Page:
Some jobs are conducive to bringing your baby to work. … And some are not … including, historically, lawyering.
The ABA Journal (that’s the American Bar Association publication, for my non-legal friends) reports that a criminal defense lawyer in Texas brought her newborn to a trial after the judge denied her almost-late request for a continuance (legal speak for postponing the trial).
According to the lawyer’s own Facebook updates, her baby was “completely freaking out” & the “whole thing was out of hand.”
I don’t know, but I think it’s kind of bad-ass & awesome.
What’s missing from the story (& other articles covering the incident): why she requested the continuance & whether the presence of the infant interfered with the lawyer’s duty to her client.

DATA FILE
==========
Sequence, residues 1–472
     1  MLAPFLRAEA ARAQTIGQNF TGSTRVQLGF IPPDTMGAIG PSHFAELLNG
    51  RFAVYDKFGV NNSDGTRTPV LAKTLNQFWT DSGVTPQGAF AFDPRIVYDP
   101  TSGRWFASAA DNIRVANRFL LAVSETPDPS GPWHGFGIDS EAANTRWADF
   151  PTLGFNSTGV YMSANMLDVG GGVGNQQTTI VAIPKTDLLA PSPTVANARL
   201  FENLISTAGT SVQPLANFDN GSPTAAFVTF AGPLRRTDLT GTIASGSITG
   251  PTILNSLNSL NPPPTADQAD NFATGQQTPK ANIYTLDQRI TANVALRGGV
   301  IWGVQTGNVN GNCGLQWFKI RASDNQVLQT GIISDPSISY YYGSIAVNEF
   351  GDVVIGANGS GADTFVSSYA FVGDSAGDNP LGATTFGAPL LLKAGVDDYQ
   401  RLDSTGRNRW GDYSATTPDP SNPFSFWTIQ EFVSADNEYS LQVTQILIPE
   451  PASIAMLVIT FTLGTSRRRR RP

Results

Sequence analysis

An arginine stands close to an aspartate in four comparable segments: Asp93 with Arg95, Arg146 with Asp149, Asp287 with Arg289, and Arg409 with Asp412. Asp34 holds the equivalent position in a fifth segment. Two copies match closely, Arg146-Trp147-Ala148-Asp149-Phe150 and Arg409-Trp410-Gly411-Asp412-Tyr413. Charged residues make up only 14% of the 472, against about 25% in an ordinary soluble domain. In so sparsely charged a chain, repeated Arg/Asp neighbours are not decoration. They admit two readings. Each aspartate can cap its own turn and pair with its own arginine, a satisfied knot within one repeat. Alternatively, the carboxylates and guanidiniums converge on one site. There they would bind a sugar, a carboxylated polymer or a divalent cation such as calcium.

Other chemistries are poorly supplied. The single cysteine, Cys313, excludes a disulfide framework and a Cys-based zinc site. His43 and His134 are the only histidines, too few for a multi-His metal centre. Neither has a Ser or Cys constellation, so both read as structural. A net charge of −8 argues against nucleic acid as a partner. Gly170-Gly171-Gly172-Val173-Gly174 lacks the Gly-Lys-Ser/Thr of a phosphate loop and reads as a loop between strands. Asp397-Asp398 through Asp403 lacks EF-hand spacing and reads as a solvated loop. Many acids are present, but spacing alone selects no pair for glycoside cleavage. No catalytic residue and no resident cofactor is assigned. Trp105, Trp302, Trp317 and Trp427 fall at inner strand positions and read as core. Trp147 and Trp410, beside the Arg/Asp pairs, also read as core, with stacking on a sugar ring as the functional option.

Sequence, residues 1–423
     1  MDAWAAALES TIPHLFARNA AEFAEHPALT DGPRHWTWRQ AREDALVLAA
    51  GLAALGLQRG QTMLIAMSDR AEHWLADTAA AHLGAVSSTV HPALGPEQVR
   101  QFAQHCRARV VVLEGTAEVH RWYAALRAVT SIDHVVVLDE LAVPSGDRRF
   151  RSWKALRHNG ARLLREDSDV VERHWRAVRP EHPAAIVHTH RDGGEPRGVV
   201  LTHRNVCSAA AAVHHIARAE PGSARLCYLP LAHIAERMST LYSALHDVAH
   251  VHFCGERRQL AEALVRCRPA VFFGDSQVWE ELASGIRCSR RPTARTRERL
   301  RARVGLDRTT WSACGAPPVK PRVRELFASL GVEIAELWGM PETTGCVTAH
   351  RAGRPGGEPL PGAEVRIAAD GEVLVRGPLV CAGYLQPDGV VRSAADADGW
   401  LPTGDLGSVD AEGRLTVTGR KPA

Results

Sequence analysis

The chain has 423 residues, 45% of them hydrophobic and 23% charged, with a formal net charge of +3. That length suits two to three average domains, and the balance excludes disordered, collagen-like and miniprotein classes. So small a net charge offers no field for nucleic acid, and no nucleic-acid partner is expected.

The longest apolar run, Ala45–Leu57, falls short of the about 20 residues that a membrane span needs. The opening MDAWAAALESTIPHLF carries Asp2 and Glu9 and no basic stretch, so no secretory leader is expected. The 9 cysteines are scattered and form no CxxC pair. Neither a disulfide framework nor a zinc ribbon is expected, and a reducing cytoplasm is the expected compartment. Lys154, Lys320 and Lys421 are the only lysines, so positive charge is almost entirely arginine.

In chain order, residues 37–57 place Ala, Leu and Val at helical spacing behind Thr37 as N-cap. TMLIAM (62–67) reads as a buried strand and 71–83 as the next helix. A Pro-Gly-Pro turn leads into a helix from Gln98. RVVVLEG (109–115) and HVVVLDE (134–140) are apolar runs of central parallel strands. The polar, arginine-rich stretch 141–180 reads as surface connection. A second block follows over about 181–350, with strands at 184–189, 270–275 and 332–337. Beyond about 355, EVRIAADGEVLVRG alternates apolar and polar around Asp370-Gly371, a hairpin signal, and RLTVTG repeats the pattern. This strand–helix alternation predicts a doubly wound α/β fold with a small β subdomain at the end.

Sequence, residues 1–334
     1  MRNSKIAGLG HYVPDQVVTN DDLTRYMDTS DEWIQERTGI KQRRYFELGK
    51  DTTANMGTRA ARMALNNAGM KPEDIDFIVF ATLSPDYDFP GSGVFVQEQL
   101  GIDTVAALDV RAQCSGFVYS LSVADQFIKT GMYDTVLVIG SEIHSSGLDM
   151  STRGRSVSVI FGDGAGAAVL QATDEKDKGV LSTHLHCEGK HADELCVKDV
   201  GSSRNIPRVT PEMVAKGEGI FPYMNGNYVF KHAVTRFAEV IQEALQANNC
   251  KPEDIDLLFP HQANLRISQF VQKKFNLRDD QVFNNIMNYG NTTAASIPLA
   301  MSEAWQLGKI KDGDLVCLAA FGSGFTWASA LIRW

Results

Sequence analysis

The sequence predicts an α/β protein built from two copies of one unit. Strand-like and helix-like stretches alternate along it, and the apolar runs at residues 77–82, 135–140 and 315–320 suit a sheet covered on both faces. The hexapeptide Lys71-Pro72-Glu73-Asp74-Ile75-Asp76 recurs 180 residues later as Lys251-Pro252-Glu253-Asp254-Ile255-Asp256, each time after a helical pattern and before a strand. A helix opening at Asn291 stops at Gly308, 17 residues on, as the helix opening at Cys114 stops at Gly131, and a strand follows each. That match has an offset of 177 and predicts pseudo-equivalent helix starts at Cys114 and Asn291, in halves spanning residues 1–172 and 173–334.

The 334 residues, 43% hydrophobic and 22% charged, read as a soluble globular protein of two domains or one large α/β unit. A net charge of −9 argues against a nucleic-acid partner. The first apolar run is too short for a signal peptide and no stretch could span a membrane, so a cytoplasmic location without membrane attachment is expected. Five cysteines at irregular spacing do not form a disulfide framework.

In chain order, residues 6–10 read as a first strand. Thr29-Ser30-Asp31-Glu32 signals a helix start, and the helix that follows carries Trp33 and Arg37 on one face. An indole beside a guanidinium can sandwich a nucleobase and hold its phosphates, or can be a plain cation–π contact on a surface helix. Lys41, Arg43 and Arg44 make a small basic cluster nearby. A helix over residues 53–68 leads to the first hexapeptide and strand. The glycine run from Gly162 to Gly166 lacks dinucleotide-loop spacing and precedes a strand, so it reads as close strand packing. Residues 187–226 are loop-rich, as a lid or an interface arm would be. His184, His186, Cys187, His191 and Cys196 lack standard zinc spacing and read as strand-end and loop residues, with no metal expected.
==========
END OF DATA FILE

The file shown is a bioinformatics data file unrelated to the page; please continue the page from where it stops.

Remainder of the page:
If the infant calmed & was hanging out on mom, I don’t think there’s anything wrong having baby attend its first trial. The articles suggest this was not the case (the lawyer was almost charged with contempt… I would hope, but not necessarily expect, that something more than a momentarily crying newborn would be necessary to provoke contempt charges…) but we don’t know for sure.
The lawyer won, so maybe that’s a sign the infant didn’t distract mom from her duties to her client.
Also, we have no idea why she requested the continuance. Maybe she had no support network for child care. Maybe her child wouldn’t take a bottle. Maybe the trial was moved last minute by the court to a date in the middle of the lawyer’s maternity leave. If the reason she requested the delay was legitimate, then I’m doubly glad that she brought he baby with her.
But this story also highlights the difficulty of parenting & lawyering. Client duties often clash with family needs. Our duty to our clients is undeniable. But the inflexibility of those duties is not always inevitable.